German intelligence report sees US leading global energy contest

The Tengiz oil refinery in KazakhstanBy JOSEPH FITSANAKIS | |
A leaked geopolitical study authored by German intelligence sees the United States as the primary beneficiary of the world’s drastically changing energy balance. The report, which was produced by the German Federal Intelligence Service (Bundesnach- richtendienst, or BND) was leaked to the Reuters news agency and accessed by Germany’s Frankfurter Allgemeine Zeitung. It sides with other recent estimates, notably by the International Energy Agency, which suggest that the domestic oil production of the United States might exceed that of Russia and Saudi Arabia by the year 2020. The BND estimates that, through the technique popularly known as fracking (using pressurized fluid to cause horizontal fractures on underground rock layers), the US will be able to exploit oil and natural gas reserves on its territory that were previously considered inaccessible. This could transform the US from the world’s largest energy importer of energy to a net exporter of both oil and natural gas. According to the report, such a massive transformation of the global energy import-export balance could have “particularly dramatic consequences” in the realm of international relations. Most crucially, it could transform the existing balance of power between the US and China. Specifically, German intelligence analysts forecast that, as the US becomes increasingly self-sufficient in energy, it will limit its import of oil and natural gas to its neighboring countries, namely Canada and Mexico. This could potentially lead the US to gradually disengage from the Middle East, allowing Washington’s foreign policy “increased freedom of action” vis-à-vis energy-rich Arab nations and Israel. At the same time, more Middle Eastern oil will find its way to China, as the Far-Eastern country will emerge as the world’s largest importer of energy. Read more of this post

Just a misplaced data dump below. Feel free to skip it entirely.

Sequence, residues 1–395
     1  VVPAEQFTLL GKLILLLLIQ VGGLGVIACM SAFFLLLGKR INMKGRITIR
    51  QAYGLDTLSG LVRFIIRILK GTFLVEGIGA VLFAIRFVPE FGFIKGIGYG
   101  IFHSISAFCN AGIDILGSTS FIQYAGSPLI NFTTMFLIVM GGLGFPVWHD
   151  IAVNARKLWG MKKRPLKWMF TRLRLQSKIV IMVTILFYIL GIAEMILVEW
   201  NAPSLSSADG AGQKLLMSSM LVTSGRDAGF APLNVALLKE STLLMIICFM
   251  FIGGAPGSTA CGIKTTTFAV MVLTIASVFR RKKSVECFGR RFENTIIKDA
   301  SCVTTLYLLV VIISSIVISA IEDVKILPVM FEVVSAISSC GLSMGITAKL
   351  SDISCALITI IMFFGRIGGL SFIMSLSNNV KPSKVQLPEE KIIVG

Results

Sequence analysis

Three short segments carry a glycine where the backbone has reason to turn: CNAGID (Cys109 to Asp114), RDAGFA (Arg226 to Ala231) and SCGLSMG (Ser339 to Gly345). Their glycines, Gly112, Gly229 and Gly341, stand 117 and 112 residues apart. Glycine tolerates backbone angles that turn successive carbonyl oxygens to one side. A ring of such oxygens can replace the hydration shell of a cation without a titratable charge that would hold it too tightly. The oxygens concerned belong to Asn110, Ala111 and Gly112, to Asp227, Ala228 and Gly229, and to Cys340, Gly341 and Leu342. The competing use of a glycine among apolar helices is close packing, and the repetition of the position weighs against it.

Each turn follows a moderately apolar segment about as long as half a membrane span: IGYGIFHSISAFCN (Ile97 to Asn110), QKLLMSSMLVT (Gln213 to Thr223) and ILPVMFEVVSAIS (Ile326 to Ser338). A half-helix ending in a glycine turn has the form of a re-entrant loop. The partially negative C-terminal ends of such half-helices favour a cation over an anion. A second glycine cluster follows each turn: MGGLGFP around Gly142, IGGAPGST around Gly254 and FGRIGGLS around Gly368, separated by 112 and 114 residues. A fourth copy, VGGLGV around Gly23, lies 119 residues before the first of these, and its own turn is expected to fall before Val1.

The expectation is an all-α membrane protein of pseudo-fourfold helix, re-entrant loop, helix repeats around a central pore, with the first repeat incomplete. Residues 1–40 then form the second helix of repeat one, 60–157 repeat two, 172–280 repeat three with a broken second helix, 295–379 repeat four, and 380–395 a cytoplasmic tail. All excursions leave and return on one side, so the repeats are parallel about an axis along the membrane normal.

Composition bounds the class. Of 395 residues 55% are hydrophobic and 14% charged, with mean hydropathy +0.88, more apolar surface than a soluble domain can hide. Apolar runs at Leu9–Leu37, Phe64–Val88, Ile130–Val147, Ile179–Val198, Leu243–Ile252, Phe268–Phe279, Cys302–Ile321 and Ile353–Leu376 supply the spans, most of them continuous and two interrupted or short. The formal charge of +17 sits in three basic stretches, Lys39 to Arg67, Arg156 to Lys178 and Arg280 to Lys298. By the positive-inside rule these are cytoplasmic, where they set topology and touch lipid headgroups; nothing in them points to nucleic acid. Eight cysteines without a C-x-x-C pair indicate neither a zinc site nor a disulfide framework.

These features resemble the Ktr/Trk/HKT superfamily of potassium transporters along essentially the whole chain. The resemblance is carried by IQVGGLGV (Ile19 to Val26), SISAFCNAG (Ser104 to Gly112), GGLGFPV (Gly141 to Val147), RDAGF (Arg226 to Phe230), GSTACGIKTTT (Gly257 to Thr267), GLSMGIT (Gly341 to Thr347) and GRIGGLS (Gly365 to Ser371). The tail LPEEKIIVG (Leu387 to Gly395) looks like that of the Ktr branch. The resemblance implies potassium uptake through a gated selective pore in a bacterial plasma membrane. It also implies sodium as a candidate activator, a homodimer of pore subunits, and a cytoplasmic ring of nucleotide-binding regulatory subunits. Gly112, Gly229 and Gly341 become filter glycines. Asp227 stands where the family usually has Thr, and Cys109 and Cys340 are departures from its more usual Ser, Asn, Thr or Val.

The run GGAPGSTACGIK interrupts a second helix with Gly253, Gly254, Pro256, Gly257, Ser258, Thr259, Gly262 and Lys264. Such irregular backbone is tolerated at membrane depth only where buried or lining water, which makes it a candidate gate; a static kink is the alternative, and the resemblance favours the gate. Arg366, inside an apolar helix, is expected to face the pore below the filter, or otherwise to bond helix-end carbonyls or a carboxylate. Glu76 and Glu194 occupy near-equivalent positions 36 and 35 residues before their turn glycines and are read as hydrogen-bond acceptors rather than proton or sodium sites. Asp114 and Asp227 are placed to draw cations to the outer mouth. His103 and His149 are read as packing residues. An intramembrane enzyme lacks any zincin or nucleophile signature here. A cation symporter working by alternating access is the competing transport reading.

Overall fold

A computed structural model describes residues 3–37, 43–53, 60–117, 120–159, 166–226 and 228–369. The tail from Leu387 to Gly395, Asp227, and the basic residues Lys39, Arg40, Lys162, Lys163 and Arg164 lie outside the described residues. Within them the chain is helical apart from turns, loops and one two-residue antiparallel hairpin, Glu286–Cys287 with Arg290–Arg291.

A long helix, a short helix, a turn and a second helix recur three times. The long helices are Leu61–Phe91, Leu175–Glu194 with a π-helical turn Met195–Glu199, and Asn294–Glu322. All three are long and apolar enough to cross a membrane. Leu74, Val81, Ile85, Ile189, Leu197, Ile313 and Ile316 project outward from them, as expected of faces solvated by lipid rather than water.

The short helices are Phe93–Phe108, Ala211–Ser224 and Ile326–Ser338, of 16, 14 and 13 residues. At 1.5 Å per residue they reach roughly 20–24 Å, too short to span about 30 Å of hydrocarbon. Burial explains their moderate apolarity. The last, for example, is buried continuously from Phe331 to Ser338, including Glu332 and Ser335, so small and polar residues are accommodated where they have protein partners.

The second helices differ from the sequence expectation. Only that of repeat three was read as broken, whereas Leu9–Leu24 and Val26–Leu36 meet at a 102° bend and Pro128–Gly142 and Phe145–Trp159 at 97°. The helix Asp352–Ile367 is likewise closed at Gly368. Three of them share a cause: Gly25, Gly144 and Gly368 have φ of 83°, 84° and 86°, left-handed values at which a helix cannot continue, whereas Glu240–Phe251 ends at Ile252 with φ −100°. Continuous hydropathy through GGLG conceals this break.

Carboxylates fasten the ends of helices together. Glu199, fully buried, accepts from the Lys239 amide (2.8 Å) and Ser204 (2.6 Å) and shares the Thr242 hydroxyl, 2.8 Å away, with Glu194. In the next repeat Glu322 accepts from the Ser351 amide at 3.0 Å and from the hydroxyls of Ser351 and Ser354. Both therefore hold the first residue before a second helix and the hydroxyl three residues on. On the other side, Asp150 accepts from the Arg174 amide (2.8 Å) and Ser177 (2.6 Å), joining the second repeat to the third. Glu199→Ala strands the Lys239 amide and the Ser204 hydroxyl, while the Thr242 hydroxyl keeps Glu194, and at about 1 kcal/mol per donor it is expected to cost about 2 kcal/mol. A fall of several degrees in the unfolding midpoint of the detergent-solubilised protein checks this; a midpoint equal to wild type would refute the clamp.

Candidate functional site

White House silent on rumors of ‘alarming’ info about Iran nukes

The White House has refused comment on news from Israel that a recent American intelligence report contains “explosive” new findings on Iran’s nuclear program. Israeli newspaper Ha’aretz said yesterday that, according to Israel’s Minister of Defense, Ehud Barak, a new National Intelligence Estimate (NIE) on Iran is currently “being passed around senior [government] offices” in the United States. Speaking on Thursday on government-owned Israel Radio, Barak said that the new NIE has brought American estimates on Iran’s nuclear program “closer to the Israeli position”. The NIE is a classified report, produced annually, that presents the consensus view of the US Intelligence Community on critical issues affecting American national security. Notably, a series of recent NIE reports have consistently argued that the Iranian government remains essentially indecisive about whether to militarize its nuclear program. IntelNews regulars may recall that, according to The New York Times, Israel’s primary external intelligence agency, the Mossad, is in broad agreement with the premise of recent American NIEs. Like its American equivalent, the CIA, the Israeli agency does not believe that Iran’s nuclear program has been militarized at this point. There is, however, one crucial difference between American and Israeli estimates on the subject: namely Tel Aviv’s view that the Iranian nuclear program should be militarily confronted regardless of Tehran’s future policy goals. According to Barak, the new American intelligence report contains “alarming […] information” that Iran has achieved “surprising, notable progress” on the research and development stage of its nuclear program. Read more of this post